• All healthcare providers should wear the appropriate level of personal protective equipment when interacting with patients or each other when a risk of exposure to COVID-19 exists. We have a duty to protect our patients and each other to the best of our abilities.

  • Prehospital providers should provide early notification to facilities, especially in cases where COVID-19 is suspected based upon their assessments or patient history. This provides the facility an opportunity to plan for the arrival and make the appropriate room types available if possible.

  • Prehospital providers should limit aerosol generating procedures as much as clinically possible and should terminate nebulizer treatments prior to entering facilities. Please refer to previously released guidance documents, available at, for additional information.

  • Facilities should have a process in place for their staff, wearing the appropriate PPE, to meet incoming ambulances and transfer patient care outside of the facility. This will allow facility staff to triage incoming patients and determine the correct patient movement pathway into the facility while also decreasing the number of people entering the facility which mitigates exposure risk.

  • Facilities should have at least one designated area and receptacle available outside of the facility for their staff and/or prehospital personnel to appropriately remove and dispose of worn PPE as well as accessibility to use a restroom and wash their hands within the facility. This process will centralize the collection of potentially contaminated materials outside the facility and provide access to proper hygiene efforts to reduce possible exposure risk.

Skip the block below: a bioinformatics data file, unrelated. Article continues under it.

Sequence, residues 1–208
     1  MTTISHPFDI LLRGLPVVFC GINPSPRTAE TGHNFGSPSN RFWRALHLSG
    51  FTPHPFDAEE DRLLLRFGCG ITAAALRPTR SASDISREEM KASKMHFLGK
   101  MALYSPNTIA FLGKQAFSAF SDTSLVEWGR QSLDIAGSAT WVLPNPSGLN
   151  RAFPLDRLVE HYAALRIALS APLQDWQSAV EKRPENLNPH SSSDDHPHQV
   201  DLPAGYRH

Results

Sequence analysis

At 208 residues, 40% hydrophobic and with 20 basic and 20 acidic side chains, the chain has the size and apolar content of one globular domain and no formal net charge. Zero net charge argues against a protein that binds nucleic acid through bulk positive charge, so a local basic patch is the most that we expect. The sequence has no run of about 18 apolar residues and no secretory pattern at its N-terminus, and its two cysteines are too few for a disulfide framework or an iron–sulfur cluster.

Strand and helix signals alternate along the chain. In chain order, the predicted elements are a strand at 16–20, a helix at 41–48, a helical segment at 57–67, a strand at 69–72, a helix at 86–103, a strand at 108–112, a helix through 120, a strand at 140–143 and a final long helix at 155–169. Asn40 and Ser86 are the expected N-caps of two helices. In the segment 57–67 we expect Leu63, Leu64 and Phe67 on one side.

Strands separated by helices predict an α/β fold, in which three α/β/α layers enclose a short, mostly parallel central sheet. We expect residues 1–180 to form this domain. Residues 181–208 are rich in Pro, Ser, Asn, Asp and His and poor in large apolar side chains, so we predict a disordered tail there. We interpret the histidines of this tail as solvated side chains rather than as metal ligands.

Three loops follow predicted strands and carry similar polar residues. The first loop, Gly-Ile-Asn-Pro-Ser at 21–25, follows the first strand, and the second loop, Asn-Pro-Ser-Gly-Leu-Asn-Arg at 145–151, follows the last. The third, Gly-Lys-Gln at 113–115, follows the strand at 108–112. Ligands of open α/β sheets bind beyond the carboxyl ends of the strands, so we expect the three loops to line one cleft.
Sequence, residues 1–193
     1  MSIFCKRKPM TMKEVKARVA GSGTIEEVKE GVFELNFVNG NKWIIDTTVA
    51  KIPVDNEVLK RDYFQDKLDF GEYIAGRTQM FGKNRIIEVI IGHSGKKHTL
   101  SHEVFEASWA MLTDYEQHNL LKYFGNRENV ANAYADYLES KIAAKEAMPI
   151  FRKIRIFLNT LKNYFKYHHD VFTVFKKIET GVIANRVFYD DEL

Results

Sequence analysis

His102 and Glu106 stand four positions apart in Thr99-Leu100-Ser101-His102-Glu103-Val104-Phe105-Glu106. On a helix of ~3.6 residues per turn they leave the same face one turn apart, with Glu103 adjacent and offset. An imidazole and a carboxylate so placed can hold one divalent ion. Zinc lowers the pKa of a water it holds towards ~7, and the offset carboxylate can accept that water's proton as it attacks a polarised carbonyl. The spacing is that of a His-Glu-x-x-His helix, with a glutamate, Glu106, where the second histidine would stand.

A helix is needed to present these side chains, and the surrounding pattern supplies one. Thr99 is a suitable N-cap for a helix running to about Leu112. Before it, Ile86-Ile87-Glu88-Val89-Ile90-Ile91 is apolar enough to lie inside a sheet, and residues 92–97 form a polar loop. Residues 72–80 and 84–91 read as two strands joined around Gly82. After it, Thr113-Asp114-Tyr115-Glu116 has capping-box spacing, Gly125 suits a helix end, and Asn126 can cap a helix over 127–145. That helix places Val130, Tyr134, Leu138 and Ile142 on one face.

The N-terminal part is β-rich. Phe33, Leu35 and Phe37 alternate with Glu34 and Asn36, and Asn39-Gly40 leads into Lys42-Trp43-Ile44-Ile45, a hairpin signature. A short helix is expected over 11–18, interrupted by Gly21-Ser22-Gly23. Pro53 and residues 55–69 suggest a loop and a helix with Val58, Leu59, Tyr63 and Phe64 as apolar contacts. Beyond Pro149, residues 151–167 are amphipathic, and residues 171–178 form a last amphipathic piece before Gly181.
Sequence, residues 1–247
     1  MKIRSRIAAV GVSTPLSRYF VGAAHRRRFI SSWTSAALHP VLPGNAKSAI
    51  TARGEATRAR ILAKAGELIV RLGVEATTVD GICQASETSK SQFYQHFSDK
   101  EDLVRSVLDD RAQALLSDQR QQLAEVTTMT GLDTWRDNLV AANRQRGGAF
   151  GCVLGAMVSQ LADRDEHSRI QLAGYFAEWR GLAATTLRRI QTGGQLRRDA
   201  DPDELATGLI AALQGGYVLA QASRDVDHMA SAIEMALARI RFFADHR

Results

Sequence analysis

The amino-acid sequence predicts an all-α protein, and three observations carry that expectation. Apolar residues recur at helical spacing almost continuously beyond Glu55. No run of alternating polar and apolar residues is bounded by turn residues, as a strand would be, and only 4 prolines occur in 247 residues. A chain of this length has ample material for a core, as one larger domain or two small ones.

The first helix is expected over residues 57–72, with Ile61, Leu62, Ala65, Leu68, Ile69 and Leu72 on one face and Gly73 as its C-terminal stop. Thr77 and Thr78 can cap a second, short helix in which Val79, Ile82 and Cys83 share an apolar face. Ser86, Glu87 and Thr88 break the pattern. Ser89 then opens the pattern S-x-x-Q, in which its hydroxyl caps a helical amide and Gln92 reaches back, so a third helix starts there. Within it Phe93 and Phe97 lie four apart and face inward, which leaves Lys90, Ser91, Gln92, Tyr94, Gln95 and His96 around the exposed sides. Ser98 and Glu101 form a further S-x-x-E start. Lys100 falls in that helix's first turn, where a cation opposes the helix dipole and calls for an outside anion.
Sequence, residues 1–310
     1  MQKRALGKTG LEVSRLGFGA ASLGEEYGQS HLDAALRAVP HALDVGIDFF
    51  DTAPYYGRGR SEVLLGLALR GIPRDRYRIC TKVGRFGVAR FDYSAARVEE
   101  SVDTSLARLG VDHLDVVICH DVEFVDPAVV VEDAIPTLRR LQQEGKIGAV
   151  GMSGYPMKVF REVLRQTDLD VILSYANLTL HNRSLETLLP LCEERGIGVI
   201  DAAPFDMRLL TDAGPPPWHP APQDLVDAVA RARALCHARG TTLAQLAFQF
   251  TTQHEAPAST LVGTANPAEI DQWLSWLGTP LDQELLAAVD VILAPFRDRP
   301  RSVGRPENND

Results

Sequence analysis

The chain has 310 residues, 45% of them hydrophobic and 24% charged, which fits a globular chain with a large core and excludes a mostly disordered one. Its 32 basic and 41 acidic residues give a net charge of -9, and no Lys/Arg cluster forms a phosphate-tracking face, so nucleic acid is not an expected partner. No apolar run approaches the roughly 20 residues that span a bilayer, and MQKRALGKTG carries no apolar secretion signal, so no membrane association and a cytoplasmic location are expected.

Everyone’s efforts to work together, collaborate, and leverage best practices in as consistent a manner as possible is greatly appreciated. Healthcare providers are on the front line of this pandemic, and we all need to work together to mitigate exposure, reduce spread, and take care of each other while providing the highest level of care to our patients.
Upcoming Webinars
Presented by Schwartz Center for Compassionate Healthcare
Tuesday, April 7, 2020 | 10:00 - 11:00 AM | FREE
Join Richard Westphal, PhD and Patricia Watson, PhD as they discuss specific strategies health care leaders and managers can use to address the five essential human needs that support recovery from adversity and stress. They’ll also explain how to use the Stress First Aid framework for conducting a stress and coping assessment. Following their presentation, Schwartz Center Chief Medical Officer Beth Lown, MD, will moderate a brief Q&A session. To register for this webinar please click here
Wednesday, April 8, 2020 | 12:30 - 1:30 PM | FREE

Get practical tips on choosing a technology platform that is right for your practice. Learn about how the right telehealth technology can save you and your staff valuable time in set up, onboarding, and patient flow. Set the right expectations about what telehealth can and cannot do. Find out best practices for launching your telehealth service fast. To register for this webinar please click here .
This will be the first event in a Telehealth/Telemedicine series . Details and registration information for the rest of the series will be available soon.

Please contact ACCMA at 510-654-5383 or with any questions or concerns you have. Although we may not currently have an immediate answer to all questions, we want to know the information and resources that you need to continue to provide care for our community during this difficult time.  
This information will also be posted online at and will be updated frequently. Please check the ACCMA website regularly for updates.